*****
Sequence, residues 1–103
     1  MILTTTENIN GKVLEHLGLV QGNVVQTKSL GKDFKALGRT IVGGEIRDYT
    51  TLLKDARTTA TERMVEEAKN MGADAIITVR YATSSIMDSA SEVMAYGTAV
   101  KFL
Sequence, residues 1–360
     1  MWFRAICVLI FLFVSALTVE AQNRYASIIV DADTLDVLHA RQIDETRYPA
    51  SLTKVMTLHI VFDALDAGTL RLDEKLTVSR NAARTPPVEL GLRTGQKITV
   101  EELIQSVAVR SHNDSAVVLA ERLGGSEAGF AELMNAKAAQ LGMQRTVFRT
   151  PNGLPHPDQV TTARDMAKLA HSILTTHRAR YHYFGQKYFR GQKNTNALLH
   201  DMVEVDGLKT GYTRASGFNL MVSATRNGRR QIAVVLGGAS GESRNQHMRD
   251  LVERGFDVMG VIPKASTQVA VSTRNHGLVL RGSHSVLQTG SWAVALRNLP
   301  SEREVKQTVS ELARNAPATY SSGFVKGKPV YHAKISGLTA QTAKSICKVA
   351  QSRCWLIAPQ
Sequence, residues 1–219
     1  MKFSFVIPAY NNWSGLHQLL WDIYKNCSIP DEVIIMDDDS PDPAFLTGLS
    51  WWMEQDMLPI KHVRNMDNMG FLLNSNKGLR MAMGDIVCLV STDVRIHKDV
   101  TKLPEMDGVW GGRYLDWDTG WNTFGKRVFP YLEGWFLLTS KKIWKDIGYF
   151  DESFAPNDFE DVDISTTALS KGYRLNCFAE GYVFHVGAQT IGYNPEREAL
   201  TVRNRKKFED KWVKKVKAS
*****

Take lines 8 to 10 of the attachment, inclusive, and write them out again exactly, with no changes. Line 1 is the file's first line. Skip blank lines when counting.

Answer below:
   101  EELIQSVAVR SHNDSAVVLA ERLGGSEAGF AELMNAKAAQ LGMQRTVFRT
   151  PNGLPHPDQV TTARDMAKLA HSILTTHRAR YHYFGQKYFR GQKNTNALLH
   201  DMVEVDGLKT GYTRASGFNL MVSATRNGRR QIAVVLGGAS GESRNQHMRD